SSDI and SSI: Eligibility Differences
The Social Security Administration oversees two different programs that provide benefits based on disability: The Social Security Disability Insurance (SSDI) program and the Supplemental Security Income (SSI) program. While they both provide financial benefits to disabled citizens, their eligibility requirements are different.
Understanding the differences between SSDI and SSI is necessary to ensure applicants apply for benefits under the correct program, thus increasing their chances of approval.
Social Security Disability Insurance (SSDI)
SSDI provides benefits to workers who become disabled. As a U.S. worker, you have contributed to the SSDI program through payroll taxes. Eligibility is based on:
- Years worked. You must have a certain number of work credits (i.e. years of contributions) in order to be eligible for benefits.
- Age. You must be over 18 but under 65 years of age in order to qualify for SSDI.
- Under the SSDI program, a disabled person’s spouse and dependent children can receive partial benefits.
- If you receive SSDI benefits for more than two years, you will become eligible for Medicare.
- Benefits are based on the “worker’s lifetime average earnings”, similar to the Social Security retirement benefit, but may be reduced if you are also receiving worker’s compensation payments or other public disability benefits.
- Outside income or resources do not affect the benefit amount.
- There is a five-month waiting period for benefits; you won’t receive benefits for the first five months after you become disabled.
Supplemental Security Income (SSI)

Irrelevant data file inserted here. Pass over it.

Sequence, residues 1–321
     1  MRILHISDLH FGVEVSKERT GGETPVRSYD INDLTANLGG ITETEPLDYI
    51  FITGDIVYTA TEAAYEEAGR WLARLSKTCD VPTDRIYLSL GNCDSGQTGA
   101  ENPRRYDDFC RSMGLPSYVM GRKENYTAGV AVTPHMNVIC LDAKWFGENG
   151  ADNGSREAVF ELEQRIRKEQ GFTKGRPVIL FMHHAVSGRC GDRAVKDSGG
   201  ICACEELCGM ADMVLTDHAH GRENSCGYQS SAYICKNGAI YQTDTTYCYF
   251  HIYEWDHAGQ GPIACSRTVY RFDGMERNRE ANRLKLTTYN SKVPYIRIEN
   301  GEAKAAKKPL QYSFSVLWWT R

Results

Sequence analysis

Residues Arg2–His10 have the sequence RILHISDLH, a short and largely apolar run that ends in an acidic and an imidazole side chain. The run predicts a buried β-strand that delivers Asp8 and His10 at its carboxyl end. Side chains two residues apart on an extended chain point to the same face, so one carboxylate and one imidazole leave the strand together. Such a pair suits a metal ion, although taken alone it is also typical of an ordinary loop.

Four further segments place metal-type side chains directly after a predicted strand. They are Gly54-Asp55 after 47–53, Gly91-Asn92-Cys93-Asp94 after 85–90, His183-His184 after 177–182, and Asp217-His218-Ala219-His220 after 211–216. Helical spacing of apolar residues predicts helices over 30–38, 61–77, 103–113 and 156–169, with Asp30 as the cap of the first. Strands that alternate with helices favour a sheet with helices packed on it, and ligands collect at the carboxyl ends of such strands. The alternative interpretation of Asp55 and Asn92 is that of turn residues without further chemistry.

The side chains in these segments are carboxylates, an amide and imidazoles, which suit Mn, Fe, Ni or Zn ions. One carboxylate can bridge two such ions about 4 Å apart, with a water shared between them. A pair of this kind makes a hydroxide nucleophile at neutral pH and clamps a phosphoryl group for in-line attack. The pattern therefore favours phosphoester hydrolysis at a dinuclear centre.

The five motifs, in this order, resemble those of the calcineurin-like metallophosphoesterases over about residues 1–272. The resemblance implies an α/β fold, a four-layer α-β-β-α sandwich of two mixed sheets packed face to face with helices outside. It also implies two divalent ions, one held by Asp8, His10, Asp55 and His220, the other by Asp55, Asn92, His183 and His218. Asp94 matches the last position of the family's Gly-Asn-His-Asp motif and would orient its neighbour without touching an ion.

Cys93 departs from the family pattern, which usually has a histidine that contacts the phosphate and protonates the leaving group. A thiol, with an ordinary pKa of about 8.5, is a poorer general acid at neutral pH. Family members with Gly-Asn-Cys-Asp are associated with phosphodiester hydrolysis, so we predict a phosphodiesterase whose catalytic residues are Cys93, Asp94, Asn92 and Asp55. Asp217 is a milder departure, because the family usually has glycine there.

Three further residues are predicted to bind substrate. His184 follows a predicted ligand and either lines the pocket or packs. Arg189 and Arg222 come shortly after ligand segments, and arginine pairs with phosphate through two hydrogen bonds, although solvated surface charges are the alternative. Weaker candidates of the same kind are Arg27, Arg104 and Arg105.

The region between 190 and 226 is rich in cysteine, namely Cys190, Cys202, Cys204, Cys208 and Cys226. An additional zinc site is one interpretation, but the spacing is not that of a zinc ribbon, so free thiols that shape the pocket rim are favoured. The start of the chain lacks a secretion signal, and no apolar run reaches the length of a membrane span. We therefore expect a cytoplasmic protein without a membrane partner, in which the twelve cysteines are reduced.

In contrast to SSDI, the SSI program is needs-based, according to income and financial need. It is not funded through payroll taxes or the Social Security fund, but rather through general fund taxes. Benefits are available to low-income individuals who have either never worked or who haven’t earned enough work credits to qualify for SSDI. To qualify for SSDI you must:
- Meet Social Security’s disability criteria.
- Have limited income and resources.
- Have less than $2,000 ($3,000 for a couple) in assets.
- SSI is available to people of all ages, including children.
- Qualified individuals receive Medicaid in their residence state.
- Most qualified individuals will also qualify for food stamps.
- Benefits begin on the first of the month when an application is submitted.
A Social Security Attorney Can Help You Secure Benefits
In general, it is more common for SSDI applications to be approved than SSI applications, but approval is never guaranteed and the application process is never easy. Our Social Security attorney can help you navigate the SSDI or SSI process, ensure your application is complete and accurate, and follow up on your application status so you can focus on other ways to make it through this challenging time in your life.
With many denials coming down to technicalities, it is extremely helpful to have a qualified set of eyes take a second look at your application or to have an attorney advocate on your behalf or appeal a decision. No matter where you are in the SSDI or SSI application process, The Beregovich Law Firm can help you secure the best possible outcome.
Contact us at (800) 631-9009 or email us to discuss your situation.